Dr Mark Hyman, Vishen Lakhiani, Lisa Nichols and Eric Edmeades.
And sure enough, after Emily made her way over to a meditation class, she had some pretty spectacular results. “It cured my insomnia on the first day. I stopped getting sick and I stopped going gray.”
But she points out, “It still took a couple of years, every day, twice a day, of flooding my brain and body with bliss chemicals until just slowly but surely the flavors of my desires changed.” Her desires and to-do lists stopped being a way to fill some void in her day and herself.
“Now that I have meditation, I feel like I get into the source, use my to-do list, use my day as a means to deliver fulfillment.”
From Vodka To Veda
She ended up leaving Broadway for India, to begin her three-year training as a meditation teacher.
Then she was back in the West, in Beverly Hills, “slinging vodka at two in the morning” to pay for meditation teacher training and forcing herself “up at dawn to meditate for six hours.”
“I thought I must be the only person on the planet whose whole life was going from vodka to Veda, from vodka to Veda every day,” she confesses to me.
She tried to publish a book about her experiences but her first book deal ended up being for a different one, The M Word. Hopefully, From Vodka to Veda will be next.
Emily takes the stage at Mindvalley A-Fest 2016 to explain
how meditation can save the world.
Her program on the Mindvalley Quest platform, The M Word, covers what she's learned from teaching thousands of people at Ziva Meditation over the past five years meditation for high performance — whether to prepare for an Oscar win, become better parents or negotiate a giant NBA contract.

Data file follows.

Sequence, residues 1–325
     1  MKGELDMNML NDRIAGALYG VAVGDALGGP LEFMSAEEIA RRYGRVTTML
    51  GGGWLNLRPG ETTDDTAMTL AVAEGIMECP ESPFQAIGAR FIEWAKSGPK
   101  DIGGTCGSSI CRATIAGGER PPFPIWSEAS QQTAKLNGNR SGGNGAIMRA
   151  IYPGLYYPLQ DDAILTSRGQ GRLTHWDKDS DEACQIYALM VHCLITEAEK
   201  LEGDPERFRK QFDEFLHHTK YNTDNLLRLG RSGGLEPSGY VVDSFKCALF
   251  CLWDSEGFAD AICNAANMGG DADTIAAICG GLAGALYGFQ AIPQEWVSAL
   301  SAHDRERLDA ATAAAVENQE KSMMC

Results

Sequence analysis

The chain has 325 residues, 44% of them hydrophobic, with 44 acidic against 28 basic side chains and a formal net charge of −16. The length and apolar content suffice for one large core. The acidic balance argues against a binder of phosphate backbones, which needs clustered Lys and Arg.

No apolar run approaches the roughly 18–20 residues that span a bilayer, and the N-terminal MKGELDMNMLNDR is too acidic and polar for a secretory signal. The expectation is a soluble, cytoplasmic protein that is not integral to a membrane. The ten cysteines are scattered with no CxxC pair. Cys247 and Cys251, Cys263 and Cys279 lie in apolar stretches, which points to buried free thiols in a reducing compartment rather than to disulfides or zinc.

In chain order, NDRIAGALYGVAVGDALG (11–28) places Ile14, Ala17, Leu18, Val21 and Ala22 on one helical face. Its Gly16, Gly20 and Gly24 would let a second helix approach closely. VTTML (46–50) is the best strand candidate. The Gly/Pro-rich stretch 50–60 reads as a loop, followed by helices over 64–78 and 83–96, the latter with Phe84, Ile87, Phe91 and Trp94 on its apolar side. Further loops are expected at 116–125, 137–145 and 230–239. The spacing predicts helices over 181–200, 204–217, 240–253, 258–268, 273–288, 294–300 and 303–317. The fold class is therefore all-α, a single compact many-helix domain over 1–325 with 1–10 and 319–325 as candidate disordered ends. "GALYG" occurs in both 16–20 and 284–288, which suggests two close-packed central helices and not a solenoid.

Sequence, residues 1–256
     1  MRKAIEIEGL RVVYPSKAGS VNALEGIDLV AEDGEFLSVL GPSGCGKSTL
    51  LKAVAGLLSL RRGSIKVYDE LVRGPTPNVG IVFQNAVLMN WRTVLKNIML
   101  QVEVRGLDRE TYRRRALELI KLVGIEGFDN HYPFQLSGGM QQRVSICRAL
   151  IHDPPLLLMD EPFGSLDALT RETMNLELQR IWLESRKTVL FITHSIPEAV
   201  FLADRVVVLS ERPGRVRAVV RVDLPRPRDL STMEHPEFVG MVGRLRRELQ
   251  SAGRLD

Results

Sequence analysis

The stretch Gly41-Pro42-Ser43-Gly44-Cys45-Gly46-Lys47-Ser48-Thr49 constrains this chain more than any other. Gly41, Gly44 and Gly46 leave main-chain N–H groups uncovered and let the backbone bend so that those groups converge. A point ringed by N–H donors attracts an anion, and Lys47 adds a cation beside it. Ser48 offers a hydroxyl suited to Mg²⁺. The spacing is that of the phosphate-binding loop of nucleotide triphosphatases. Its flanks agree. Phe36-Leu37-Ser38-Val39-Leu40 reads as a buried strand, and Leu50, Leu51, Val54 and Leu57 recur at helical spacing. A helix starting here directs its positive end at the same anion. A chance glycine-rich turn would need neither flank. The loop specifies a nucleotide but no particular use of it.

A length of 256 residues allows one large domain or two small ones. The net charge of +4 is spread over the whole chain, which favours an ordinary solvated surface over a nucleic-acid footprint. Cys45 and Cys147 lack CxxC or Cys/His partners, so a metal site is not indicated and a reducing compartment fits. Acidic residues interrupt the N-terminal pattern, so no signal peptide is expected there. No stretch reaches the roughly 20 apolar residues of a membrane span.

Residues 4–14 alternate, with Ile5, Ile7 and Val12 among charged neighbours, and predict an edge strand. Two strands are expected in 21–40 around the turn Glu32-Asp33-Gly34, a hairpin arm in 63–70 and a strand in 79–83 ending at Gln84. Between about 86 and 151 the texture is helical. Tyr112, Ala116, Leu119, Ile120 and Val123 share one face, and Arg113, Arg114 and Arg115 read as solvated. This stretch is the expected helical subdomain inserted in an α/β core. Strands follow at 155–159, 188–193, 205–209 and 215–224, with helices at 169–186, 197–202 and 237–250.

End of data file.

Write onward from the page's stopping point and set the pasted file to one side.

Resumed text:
She explains to me that “most high performers meditate because they want to be better at their jobs and their lives, and they want to accomplish their goals more quickly.”
That’s what makes her meditation style so unique: she brings scientific evidence to spiritual practices, modifies old traditions for the new age and transforms the esoteric into the approachable.
But the real reason she became a modern meditation expert?
She loves to not only help people achieve the best performance of their lives, but also help everyone "tap into source every day."
"How much less would we be consuming? How much kinder would we be to each other? How much of this 'us-and-them' business would go away? How much more respectful would be to the oceans, how differently would we treat animals?" she wonders.
Through her teachings she's able to help people tap into that higher purpose...
Because Emily Fletcher doesn’t want you to just become better at meditation; Emily Fletcher wants you to become better at meditation so that you can get better at life — and, most importantly, contribute to a better world.
You can learn more about Emily and her Quest program by watching the free masterclass, Meditation for Super Performance, where Vishen Lakhiani interviews Emily on the best meditation practices. It's funny, adorable and you won't just learn a thing or two — the course will knock your socks off.
Written by Cheyenne Diaz.